In my personal opinion, EzeeLogin/Admod are taking these steps because they’re too comfortable.  Their actions (and lack of notifications) alone have resulted in at least three larger providers I’m aware of saying “Hell, we’ll just develop and market our own product for less then EzeeLogin.”  While Admod/EzeeLogin likely had a monopoly on this niche need due to their product working well, their apparent failure at customer notification and public relations may very well have cost them their top spot in this market.  The providers that I know of that are going to develop their own gateways have the funds and capabilities to push a product out very quickly that not only is superior, but will be priced lower.

We reached out to Adod/EzeeLogin over 2.5 hours ago and have yet to receive a response from representatives of either site.

Admod/Ezee – you’ve made a seriously glaring error by not notifying your (previously) quite loyal customer base of these changes.  We ourselves have been customers since July 1st, 2010.

…. /facepalm

Update 02/15/12 at 10:00 PM EST

We finally did hear back from them, the representative that responded seems to believe that the “login” feature being removed from the old site is an oversight. They stated that we could maintain our old license through the old site although we would not be able to upgrade through the old site. Any changes to the plan would require moving to the new site/pricing (at roughly a 1500% increase).

I’m waiting to hear from a higher member of management to confirm this and to get some additional details as well as waiting to see if the “login” button does come back to the old site.

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iPhone 4 S, and Siri

iPhone 4 SI went to the Keystone Apple Store on the north side of Indianapolis, Indiana today to have them check the battery on my iPhone 4.  I felt as though the battery had been lasting me less and less time throughout the day and knowing that lithium ion batteries degrade over time I figured the battery life was just getting short.  It turns out that the battery was fine ( well within spec, considering it’s age ) and I opted not to pay $79 to have it replaced.

While talking with the technician I was informed that at 6 P.M. they were going to be releasing any pre-ordered iPhone 4 S’ that had not been picked up and that the line was starting by the door.  At this point it was only 5:15 PM so I walked to the outer door to find that I was only second in line.  I chatted with the person in front of me whom was a very nice woman and over the next 30 minutes the line behind me grew quite quickly up to about 45 individuals. Continue reading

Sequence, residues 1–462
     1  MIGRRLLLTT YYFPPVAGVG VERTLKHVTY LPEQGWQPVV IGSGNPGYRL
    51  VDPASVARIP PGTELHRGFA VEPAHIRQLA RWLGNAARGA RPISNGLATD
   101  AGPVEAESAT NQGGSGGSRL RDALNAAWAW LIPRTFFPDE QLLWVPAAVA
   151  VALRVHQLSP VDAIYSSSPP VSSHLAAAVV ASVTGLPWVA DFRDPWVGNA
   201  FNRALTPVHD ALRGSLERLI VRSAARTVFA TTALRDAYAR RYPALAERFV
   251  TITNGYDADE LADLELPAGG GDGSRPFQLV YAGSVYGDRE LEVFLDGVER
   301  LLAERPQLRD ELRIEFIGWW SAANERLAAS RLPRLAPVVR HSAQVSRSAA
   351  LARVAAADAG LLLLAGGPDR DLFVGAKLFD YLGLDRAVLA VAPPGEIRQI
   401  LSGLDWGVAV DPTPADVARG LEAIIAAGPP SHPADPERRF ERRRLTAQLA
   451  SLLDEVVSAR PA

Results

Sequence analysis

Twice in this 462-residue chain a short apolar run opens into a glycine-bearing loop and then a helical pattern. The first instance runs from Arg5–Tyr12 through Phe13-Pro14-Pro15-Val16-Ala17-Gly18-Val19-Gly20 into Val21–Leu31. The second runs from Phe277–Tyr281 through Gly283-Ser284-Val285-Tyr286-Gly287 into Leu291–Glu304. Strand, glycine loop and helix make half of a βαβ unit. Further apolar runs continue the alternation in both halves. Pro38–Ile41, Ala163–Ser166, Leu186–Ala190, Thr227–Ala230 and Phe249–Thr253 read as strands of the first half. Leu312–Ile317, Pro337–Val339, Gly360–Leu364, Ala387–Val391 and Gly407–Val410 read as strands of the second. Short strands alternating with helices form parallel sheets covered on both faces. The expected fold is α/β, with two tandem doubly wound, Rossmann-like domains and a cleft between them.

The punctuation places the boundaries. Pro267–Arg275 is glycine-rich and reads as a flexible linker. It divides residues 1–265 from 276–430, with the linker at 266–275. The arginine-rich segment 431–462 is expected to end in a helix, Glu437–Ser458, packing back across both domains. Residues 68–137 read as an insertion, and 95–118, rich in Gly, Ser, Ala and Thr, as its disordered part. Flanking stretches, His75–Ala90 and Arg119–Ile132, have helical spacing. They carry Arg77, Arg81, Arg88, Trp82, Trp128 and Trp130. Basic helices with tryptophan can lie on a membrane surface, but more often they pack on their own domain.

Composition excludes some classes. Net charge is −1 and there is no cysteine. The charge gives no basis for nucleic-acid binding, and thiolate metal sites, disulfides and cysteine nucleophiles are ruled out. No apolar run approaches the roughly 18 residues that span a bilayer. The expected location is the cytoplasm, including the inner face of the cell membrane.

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Intellectual Property, Copyright, and “HostYourDream.net” – Site Ripper and Thief

It was just two weeks ago when I brought to light that the provider “Coomme Hosting” was using our design illegally and today I find another provider about to use our design, again, illegally.  While it is flattering that our design is so good that everybody else is deciding to use it without permission, it is very depressing that these “providers” would sink to the level of blatantly stealing a design rather than creating their own or having one created for them.

Here is the ripped version of our site (that is not live, yet, as of this posting), side-by-side with their current site, and the MDDHosting Site.  Click on the links for full-size.

While I sincerely hope that this “provider” chooses not to use our design illegally, if they do – I will do my best to make sure any of their potential clients are aware of their illegal use of our copyrighted intellectual property.

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Intellectual Property, Copyright, and “Coomme Hosting” – Updated August 11, 6:47 PM EDT

At MDDHosting we have worked hard over the years to build our reputation and we always put quality of service and support above appearances.  We eventually, after over 3 years in business, hired a designer to professionally create a new design for us.  The design itself was very expensive and was created by vReplay.com over the course of several months.